Forget the TV, Now the Revolution Will Be Twittered

    July 29, 2009

Assuming haven’t spent the past 5 years under a rock, you can’t help but be aware of how much our social interaction and communications habits are changing. As a matter of fact, it’s getting to the point that hiding under a rock is less and less of an option. Most rocks these days are in 3G coverage areas and the few that aren’t will be shortly.

Communication has never been so easy, widespread, or cheap in the history of our species. The social web and the proliferation of mobile devices with access to it, has given ‘‘everyman’ unprecedented access to ‘everyotherman’. The traditional gatekeepers of information – what we used to call mass media (TV, newspapers and print media) have become at best, just another signal source and at worst irrelevant and unnecessary.

We are texting, Twittering, Facebooking – hell, I think there are still a few people MySpacing. We are doing all of this and we’re doing it pretty much everywhere and anywhere we go. We use our PC’s we use our laptops, netbooks and phones – our access options get more diverse and available every day it seems like.

But is this a good thing?

Like anything else, there is plenty of good and bad here. The biggest and most obvious benefit of this communication and access is that we can be updated and informed 24/7/365. We can chat from pretty much anywhere anytime. Many of us can work from pretty much anywhere anytime.

It’s the golden age of ‘anywhere anytime’ information and contact. Of course it’s simultaneously the biggest downside too. Trouble is, having the ability to work, chat and stay updated any time is that you end up doing all of the above all of the time. To put it bluntly, there is no escape here.

Sure, you can turn it off. You don’t though, do you?

Do you feel like you need a break from the ‘network’? Sound off in the comments.

What about the art of conversation? Some would argue it’s being lost in the shuffle, I think a more apt assessment is that it is simply evolving and suffering some growing pains in the process. We get our news and give our views, for the most part, about 140 characters at a time. That means we talk a whole lot, but we don’t say much when we do. We don’t have the time or space for details anymore.  The news is the headline and vice versa.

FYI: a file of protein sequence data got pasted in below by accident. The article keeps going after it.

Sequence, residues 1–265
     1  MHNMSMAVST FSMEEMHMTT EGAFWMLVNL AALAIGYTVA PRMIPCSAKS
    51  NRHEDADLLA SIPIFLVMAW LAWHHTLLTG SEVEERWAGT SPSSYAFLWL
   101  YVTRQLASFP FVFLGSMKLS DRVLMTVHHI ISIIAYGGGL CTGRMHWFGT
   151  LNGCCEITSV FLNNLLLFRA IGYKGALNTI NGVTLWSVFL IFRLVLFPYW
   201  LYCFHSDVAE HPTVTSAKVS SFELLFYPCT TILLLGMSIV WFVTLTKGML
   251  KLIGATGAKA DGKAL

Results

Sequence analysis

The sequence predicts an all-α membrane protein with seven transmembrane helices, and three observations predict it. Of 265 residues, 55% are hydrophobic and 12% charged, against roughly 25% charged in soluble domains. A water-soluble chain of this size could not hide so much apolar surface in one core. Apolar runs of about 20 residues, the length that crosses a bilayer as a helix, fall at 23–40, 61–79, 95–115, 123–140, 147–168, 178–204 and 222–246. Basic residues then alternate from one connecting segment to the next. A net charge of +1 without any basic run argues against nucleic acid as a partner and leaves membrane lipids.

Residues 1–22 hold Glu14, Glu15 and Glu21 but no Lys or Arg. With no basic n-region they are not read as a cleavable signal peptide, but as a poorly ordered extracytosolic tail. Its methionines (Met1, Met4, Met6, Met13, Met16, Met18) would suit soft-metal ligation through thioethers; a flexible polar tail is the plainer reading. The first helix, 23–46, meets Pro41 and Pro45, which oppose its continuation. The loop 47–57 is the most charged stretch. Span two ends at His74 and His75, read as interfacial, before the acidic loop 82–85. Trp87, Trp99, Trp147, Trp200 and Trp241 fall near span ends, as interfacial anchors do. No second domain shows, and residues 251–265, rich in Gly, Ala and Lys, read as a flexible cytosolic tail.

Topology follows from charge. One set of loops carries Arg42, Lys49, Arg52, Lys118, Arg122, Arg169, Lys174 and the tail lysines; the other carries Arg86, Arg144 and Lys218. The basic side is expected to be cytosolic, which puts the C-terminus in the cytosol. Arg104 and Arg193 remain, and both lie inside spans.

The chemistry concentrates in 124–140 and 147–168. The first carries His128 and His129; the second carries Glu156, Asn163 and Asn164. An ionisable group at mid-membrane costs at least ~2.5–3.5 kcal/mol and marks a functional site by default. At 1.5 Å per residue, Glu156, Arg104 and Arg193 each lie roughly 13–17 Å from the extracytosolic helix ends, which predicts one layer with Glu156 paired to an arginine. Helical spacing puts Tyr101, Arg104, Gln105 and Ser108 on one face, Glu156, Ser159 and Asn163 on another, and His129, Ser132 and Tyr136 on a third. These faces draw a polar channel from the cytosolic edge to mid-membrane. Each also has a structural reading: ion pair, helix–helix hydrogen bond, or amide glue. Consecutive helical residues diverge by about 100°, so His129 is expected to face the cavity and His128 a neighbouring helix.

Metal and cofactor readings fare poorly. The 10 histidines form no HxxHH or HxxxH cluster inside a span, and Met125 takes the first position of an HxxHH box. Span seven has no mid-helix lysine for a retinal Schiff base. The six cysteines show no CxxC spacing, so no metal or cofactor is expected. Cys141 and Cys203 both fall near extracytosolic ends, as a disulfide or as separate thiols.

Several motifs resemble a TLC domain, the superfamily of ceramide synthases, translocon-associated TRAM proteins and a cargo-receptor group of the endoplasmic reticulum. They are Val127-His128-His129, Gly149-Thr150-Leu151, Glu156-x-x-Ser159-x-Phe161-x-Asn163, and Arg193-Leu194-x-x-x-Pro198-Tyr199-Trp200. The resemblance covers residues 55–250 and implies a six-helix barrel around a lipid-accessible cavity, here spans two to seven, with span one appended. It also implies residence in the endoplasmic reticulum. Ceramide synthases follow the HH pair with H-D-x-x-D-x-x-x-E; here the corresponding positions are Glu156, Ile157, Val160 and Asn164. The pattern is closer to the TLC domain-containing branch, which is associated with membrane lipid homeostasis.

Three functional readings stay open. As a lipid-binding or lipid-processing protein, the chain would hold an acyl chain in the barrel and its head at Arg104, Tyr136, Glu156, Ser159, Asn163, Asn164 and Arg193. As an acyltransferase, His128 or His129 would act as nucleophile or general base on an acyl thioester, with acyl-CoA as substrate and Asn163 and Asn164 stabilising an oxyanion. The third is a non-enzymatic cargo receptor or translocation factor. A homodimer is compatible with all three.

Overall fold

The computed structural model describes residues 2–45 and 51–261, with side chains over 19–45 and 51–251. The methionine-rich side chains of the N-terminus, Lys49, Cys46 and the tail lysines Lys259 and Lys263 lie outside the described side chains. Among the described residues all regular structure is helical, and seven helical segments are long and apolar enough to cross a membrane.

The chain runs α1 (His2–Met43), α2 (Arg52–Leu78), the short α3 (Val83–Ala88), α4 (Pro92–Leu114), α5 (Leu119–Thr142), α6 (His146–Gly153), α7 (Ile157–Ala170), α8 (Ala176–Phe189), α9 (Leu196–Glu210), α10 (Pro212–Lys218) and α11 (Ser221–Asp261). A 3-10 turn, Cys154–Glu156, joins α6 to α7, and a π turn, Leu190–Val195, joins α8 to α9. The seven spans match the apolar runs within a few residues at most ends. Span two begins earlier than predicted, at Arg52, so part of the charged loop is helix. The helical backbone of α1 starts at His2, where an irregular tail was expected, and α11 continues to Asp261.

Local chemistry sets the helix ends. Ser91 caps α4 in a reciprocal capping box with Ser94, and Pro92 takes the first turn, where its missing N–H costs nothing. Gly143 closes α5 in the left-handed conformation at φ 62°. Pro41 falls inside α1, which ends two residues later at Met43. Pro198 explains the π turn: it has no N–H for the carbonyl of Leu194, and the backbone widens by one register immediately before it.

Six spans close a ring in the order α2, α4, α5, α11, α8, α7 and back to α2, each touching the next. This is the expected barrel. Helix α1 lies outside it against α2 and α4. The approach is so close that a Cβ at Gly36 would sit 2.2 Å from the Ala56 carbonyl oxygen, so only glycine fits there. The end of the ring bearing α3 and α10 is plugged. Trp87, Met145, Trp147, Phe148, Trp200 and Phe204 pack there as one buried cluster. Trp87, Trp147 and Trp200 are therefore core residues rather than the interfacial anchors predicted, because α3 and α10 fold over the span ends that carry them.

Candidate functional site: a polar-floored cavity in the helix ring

Not ideal, maybe, but the upside is we are at least participating in the news. We aren’t just having it spoon fed to us by ‘old media’ editors and interests.  So we are a little light on the details.  It’s a decent trade off I think and you never know, we may get a little more into the details as we move along.

Another big plus is the fact that our collective horizons are being broadened. A lot of people criticize Twitter as a platform for some rather mundane details. I have frequently heard comments like; ‘do I really care or need to know what Terrell Owens is doing RIGHT NOW?’.  Well no, maybe you don’t.  At the same time, I think that’s a fairly narrow minded take on Twitter.

Twitter updates, even the mundane ones, often give you some insight or perspective into how people in other parts of the world or in different social circles ‘see’ things on a daily basis.  I’m not saying that insight is always good or positive.  However, becoming more conscious of larger society or world views would seem to me to make us somewhat less disposed to or at least more aware of local or regional biases. I don’t see that as a bad thing at all.

I do have one major gripe with all of this though. Cell phone etiquette was already bad 10 years ago.  It’s getting much much worse now. Updating your Twitter, checking your Facebook and all that is fine and good…  but not if that attention is being diverted from someone sitting right next to you.

Do you think it’s rude when people you are with spend their time texting? What’s your take?

It’s not dissimilar to one of the classic rules of retail.  If you are with a customer in your store, and the phone rings, you never ever leave that customer to take a phone call.  Likewise, if you are out with family, friends or especially a client or customer, you should always give precedence to the people sitting in front of you over your contact list. We’ve all been on both ends of that and we all know it’s rude.

Beyond being just plain rude, it’s also more than a little weird. I have seen whole tables of people clicking on their phones, barely acknowledging each other.  Ironically enough, if you ask them, they are often working on getting some more people to join them. The sound of ‘social’ is the muted click of a rubberized keypad and no, I don’t think that’s cool at all.

Hopefully though, we can get the physically social reconciled a little bit with the digitally social. The Brave New World of communication is happening right now at Twitter-speed and while the abilities of our toys has somewhat outstripped our ability to use them appropriately, I think the benefits far outweigh the negatives.  It’s an exciting time to be alive really, as long as your batteries hold up.